How does local government work in Israel
Smart cities: potential untapped despite inventiveness
At first glance, the framework conditions for the development of intelligent cities in Israel are excellent. The government has set the goal that all municipalities must become “smart”. The Israeli high-tech sector has worked out many related solutions. According to the database of the non-profit high-tech organization Start-Up Nation Central, around 300 Israeli companies are active in the field of smart city technology.
However, by no means all municipalities are making use of the opportunities that new technology offers in managing and improving the quality of life for their residents. That is the finding of the non-profit organization Israel Smart Cities Institute (ISCI), which aims to promote the application of technologies for intelligent cities. Members of the institute are mainly personalities from a wide range of relevant professions, but it also has three foreign members, including the German computer scientist Otthein Herzog.
As the chairman of the institute, Edna Pasher and institute member Shmuel Ben-Tovim explained to Germany Trade and Invest, there is a deep gap between the well-advanced municipalities that are leading in the implementation of the smart city concept and the majority of the others the situation is dreary.
Tel Aviv is leading - most municipalities are lagging behind
Tel Aviv has made the greatest strides on the way to becoming a smart city. The second largest city in the country, which is also the leading economic and cultural metropolis, is known in particular for its model for digital citizen engagement, DigiTel.
DigiTel works on the principle of a member association, which any city resident aged 13 and over can join and use their membership card for discounts when using city services. According to their personal profile, the members get access to customer-specific services and are provided with personalized information, for example in the case of upcoming repairs to water pipes or road closures.
The fact that 80 percent of eligible city residents have (free) membership in DigiTel is considered a great success. Tel Aviv received the title “Best Smart City” for DigiTel at the World Smart City Expo in Barcelona in 2014. Pasher and Ben-Tovim cite Tel Aviv's northern neighboring city of Herzliya and the port city of Ashdod as examples of other larger Israeli cities that have made good progress in implementing the smart city concept.
In contrast, there are a large number of municipalities that are struggling with intelligent city technology. The main obstacle, according to the ISCI, is usually not of a financial but of an organizational nature. The municipalities in question do not see themselves in a position to initiate the transition to a smart city or are not interested in it for other reasons. This even applies to solutions that can save the local government money, such as computer-controlled, sensor-supported street lighting, which can reduce street lighting costs by 30 to 40 percent.
Unused business potential needs to be tapped
Despite such difficulties, the ISCI experts assume that the smart city concept will increasingly prevail in the coming years. The institute believes that the experience gained with digital communications during the corona epidemic has shown many potential users the benefits of this technology. This will also promote the use of intelligent technology in the municipal sector. One model that has a chance of success is the introduction of such technology by commercial contractors who, if relevant, receive in return a percentage of the cost savings achieved through the reform.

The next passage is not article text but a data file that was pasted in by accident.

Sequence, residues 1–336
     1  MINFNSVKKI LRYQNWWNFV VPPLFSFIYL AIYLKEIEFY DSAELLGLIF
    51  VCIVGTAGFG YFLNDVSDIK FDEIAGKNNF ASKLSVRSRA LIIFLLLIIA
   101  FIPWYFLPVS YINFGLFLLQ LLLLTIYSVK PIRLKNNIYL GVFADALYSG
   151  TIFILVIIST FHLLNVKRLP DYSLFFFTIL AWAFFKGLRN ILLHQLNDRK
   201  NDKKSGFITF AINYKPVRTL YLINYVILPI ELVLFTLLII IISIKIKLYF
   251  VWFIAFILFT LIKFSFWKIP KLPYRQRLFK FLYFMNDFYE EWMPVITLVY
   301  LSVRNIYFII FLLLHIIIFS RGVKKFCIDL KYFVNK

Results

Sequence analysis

The introduction of fast communication networks, be it mobile 5G technology or optical fiber optic networks, will significantly expand the possibilities of intelligent applications. Meanwhile, the ISCI emphasizes that the untapped potential of smart city technology is considerable even in today's technological framework and offers companies - including foreign ones - business opportunities. Waiting for faster data transmission could lead to missed business opportunities, especially since the transition to super-fast networks in Israel has hardly started and is likely to take several years.
International cooperation of great interest
Business opportunities could also arise through cooperation with Israeli companies in third markets, the size of which exceeds the manageable dimensions of the Israeli market. Israeli technology in the field of intelligent cities is already being used successfully in the world market. The ISCI itself is involved in international cooperation, for example in the European-Chinese project Trans Urban EU-China, in which it is participating as part of the Horizon 2020 framework program.
The institute also establishes contacts between foreign and Israeli partners from the business and academic sectors. At government level, the Ministry of Social Equality is in charge of promoting smart city technology. To this end, the department launched the national project for a digital Israel (National Digital Israel Initiative).
There are 256 municipalities in Israel. 77 of these are classified as cities, i.e. places of residence with a municipality and more than 20,000 inhabitants. There are also 124 so-called regional councils, i.e. smaller towns, usually with fewer than 20,000 inhabitants, and 54 local councils, each uniting a number of smaller towns.
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